Aging, Taxes and Pensions in Switzerland

Item Type Monograph (Working Paper)
Abstract

The gains in life expectancy are expected to double the dependency ratio and increase population by 10% in Switzerland until 2050. To quantify the effects on pensions, taxes and social contributions, we use an overlapping generations model with five margins of labor supply: labor market participation, hours worked, job search, retirement, and on-the-job training. A passive fiscal strategy which merely adjusts labor taxes and contribution rates to balance budgets, would be very costly. Total labor taxes would rise by 21 percentage points and per capita income would fall by roughly 20%. A comprehensive reform, including an increase in the effective retirement age to 68 years, may limit the tax increases to 4 percentage points of value added tax and reduce the decline of per capita income to less than 6%. The present rules of deferred taxation of pension income support social security and labor market reform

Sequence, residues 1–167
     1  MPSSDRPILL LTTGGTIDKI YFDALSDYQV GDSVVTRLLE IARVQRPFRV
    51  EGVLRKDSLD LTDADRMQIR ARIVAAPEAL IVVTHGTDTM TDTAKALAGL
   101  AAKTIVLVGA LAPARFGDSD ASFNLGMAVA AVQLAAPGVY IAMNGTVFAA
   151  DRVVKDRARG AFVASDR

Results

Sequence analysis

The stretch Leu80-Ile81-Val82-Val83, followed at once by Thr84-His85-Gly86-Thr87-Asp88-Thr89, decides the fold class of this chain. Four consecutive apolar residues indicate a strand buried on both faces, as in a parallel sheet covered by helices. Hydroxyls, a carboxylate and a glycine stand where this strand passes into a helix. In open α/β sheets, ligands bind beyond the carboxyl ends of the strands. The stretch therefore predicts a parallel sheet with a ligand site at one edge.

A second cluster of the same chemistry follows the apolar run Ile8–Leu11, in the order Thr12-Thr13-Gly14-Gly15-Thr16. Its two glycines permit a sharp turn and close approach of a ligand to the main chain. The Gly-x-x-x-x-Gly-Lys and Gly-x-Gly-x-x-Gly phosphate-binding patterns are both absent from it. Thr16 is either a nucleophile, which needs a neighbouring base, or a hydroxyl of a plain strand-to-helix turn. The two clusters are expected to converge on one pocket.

by shifting tax revenue to the future when it is needed most in an aging society.

Authors Keuschnigg, Christian
Language English
Subjects economics
HSG Classification contribution to scientific community
HSG Profile Area SEPS - Economic Policy
Date 22 November 2016
Place of Publication St. Gallen
Number of Pages 37
References “Aging, Taxes and Pensions in Switzerland”, in: Robert Holzmann and John Piggott (eds.), The Taxation of Pensions, MIT Press, 2017, forthcoming.
Depositing User Dr. Mirela Keuschnigg
Date Deposited 23 Nov 2016 16:44
Last Modified 05 Jun 2020 00:24
URI: https://www.alexandria.unisg.ch/publications/249760

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Citation

Keuschnigg, Christian: Aging, Taxes and Pensions in Switzerland. , 2016,

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https://www.alexandria.unisg.ch/id/eprint/249760
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